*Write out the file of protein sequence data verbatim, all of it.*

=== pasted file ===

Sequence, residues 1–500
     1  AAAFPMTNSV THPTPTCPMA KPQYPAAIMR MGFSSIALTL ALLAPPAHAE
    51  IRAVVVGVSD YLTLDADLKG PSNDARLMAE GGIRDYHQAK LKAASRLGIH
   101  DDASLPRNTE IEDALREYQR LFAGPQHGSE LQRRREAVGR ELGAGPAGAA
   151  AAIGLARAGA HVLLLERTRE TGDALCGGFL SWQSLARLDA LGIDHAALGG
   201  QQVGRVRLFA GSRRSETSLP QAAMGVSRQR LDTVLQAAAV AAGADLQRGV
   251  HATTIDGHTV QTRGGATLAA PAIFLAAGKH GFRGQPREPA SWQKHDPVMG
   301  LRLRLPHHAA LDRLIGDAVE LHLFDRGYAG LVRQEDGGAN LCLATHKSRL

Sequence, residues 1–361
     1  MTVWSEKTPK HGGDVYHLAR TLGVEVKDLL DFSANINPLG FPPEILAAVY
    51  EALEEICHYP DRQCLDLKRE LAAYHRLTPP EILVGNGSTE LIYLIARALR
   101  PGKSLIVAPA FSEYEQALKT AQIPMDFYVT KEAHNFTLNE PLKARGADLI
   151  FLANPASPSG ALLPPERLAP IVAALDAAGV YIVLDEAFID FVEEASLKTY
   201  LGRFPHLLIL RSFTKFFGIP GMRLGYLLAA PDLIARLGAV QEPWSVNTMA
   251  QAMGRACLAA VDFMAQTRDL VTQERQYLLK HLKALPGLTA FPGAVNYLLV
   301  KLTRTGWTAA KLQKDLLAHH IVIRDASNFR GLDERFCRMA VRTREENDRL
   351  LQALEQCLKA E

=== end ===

Sequence, residues 1–500
     1  AAAFPMTNSV THPTPTCPMA KPQYPAAIMR MGFSSIALTL ALLAPPAHAE
    51  IRAVVVGVSD YLTLDADLKG PSNDARLMAE GGIRDYHQAK LKAASRLGIH
   101  DDASLPRNTE IEDALREYQR LFAGPQHGSE LQRRREAVGR ELGAGPAGAA
   151  AAIGLARAGA HVLLLERTRE TGDALCGGFL SWQSLARLDA LGIDHAALGG
   201  QQVGRVRLFA GSRRSETSLP QAAMGVSRQR LDTVLQAAAV AAGADLQRGV
   251  HATTIDGHTV QTRGGATLAA PAIFLAAGKH GFRGQPREPA SWQKHDPVMG
   301  LRLRLPHHAA LDRLIGDAVE LHLFDRGYAG LVRQEDGGAN LCLATHKSRL

Sequence, residues 1–361
     1  MTVWSEKTPK HGGDVYHLAR TLGVEVKDLL DFSANINPLG FPPEILAAVY
    51  EALEEICHYP DRQCLDLKRE LAAYHRLTPP EILVGNGSTE LIYLIARALR
   101  PGKSLIVAPA FSEYEQALKT AQIPMDFYVT KEAHNFTLNE PLKARGADLI
   151  FLANPASPSG ALLPPERLAP IVAALDAAGV YIVLDEAFID FVEEASLKTY
   201  LGRFPHLLIL RSFTKFFGIP GMRLGYLLAA PDLIARLGAV QEPWSVNTMA
   251  QAMGRACLAA VDFMAQTRDL VTQERQYLLK HLKALPGLTA FPGAVNYLLV
   301  KLTRTGWTAA KLQKDLLAHH IVIRDASNFR GLDERFCRMA VRTREENDRL
   351  LQALEQCLKA E